Early in my own work, I saw a report from Mike Prettejohn‘s company (Netcraft) about a small New York company called Digital Ocean who were growing like topsy. From 137 machines in Dec 2012 to (at the time of writing this) 54,142 in Feb 2014:

Digital Ocean Server Growth

The main appeal to me (like a lot of developers) is that you can provision a server instance with one of a range of prebuilt Linux configs within 5 minutes. And once it’s up, it’s $10/month for a virtual server instance with 30GB of Flash Storage and 3TB of Network Bandwidth per month. Add a further $2/month to get weekly backups and the ability to take as many snapshots of your system(s) as you feel comfortable. Very simple, predictable and does the job. The words you’re reading here are being served off a Ubuntu Linux Server in Digital Ocean Amsterdam, using a WordPress network I built using one of their available images. DIY, not for everyone, but if you know what you’re doing and you can secure your site, it’s about as cost effective as you can get.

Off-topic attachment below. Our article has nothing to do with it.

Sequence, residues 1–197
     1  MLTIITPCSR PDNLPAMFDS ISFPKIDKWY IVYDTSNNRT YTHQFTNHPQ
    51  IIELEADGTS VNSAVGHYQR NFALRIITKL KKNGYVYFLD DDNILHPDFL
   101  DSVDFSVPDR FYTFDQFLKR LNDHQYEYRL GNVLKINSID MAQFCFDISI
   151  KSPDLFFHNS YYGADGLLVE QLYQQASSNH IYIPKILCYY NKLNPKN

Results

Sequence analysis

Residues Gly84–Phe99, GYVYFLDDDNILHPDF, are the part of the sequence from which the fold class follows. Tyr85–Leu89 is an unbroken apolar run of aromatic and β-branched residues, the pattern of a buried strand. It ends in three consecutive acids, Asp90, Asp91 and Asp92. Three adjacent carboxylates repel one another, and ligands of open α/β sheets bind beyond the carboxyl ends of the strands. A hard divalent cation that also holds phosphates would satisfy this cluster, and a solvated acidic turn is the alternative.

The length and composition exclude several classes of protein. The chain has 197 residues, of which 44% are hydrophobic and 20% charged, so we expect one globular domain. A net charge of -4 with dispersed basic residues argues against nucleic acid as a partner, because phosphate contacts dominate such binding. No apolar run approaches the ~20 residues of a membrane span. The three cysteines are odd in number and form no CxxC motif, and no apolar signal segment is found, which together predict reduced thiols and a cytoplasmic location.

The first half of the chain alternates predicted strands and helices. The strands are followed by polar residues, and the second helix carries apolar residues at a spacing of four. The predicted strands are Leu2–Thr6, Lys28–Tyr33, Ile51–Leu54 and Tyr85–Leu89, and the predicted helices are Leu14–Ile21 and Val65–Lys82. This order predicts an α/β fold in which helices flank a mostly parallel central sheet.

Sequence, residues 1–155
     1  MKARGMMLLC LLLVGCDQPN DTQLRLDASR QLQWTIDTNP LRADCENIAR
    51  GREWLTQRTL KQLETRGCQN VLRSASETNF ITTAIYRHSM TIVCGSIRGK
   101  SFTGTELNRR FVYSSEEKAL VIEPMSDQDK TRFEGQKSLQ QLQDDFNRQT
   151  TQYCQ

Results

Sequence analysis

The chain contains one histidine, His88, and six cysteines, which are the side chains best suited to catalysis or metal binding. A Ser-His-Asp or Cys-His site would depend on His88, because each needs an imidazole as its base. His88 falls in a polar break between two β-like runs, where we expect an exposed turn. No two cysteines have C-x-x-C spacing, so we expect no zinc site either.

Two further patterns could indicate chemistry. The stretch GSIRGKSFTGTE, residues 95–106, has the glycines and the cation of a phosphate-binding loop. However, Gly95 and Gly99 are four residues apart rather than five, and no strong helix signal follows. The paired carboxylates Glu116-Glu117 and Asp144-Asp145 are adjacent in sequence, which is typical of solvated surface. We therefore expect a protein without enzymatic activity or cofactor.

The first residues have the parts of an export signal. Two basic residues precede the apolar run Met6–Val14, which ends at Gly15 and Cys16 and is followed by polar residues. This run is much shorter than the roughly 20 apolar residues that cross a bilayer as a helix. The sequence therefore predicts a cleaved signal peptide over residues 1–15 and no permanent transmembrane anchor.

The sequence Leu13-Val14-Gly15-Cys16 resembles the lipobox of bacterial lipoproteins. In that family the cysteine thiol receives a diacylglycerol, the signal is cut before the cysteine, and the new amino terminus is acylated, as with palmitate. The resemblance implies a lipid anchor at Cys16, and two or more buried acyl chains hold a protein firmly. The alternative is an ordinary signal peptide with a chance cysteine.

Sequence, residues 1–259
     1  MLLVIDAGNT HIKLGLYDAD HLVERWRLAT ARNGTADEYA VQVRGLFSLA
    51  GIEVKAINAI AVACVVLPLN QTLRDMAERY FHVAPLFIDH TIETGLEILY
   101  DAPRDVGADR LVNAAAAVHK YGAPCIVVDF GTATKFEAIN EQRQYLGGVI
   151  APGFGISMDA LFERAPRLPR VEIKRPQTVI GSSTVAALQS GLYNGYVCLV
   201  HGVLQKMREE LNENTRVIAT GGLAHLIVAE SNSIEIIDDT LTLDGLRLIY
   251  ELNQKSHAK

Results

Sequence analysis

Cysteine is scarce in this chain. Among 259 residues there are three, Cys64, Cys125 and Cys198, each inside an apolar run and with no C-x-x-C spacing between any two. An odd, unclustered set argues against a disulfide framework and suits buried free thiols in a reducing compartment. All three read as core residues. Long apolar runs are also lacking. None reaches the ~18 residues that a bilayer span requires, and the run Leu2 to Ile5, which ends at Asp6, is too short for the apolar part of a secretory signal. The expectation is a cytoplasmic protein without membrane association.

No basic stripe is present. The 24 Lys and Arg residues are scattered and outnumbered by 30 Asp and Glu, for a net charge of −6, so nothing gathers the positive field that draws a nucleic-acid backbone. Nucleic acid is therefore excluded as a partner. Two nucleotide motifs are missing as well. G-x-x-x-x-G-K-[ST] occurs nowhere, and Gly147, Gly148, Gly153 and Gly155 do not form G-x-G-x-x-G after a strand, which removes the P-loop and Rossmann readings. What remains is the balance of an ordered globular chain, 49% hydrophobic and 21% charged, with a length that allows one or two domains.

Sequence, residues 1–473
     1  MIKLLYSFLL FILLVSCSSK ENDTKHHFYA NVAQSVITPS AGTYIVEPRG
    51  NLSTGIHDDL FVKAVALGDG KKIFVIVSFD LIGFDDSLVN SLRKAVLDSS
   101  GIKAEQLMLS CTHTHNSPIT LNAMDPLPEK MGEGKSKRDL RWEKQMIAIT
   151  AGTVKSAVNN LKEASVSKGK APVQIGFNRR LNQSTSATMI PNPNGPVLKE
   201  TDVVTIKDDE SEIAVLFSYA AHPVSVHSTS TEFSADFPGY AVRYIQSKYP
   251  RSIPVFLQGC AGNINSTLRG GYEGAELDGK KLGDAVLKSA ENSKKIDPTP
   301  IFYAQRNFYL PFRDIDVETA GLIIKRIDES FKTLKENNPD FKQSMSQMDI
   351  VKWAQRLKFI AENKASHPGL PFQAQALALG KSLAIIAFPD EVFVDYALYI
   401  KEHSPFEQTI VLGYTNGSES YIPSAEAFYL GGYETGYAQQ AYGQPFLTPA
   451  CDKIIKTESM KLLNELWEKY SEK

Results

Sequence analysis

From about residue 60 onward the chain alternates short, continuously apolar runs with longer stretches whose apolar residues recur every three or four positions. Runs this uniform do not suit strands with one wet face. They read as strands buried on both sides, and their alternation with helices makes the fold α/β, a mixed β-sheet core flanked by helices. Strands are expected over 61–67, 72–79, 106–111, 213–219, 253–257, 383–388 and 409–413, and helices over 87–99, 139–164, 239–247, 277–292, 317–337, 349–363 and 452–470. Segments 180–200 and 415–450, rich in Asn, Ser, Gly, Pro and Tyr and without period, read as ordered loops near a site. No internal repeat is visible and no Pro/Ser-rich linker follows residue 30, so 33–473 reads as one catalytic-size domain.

Besides seeing the volume of site growth, I look at the Netcraft Hosting Provider Switching Analysis, which gives an indication of how each provider was both growing or churning its customer base – and if there was churn, where it was going. The thing that struck me were the number of sites that were relocating from AWS and in particular Rackspace over to Digital Ocean. At a time when Rackspace have been giving profit warnings, the numbers were over 4 figures of customer sites per month – some 31,279 sites in a year.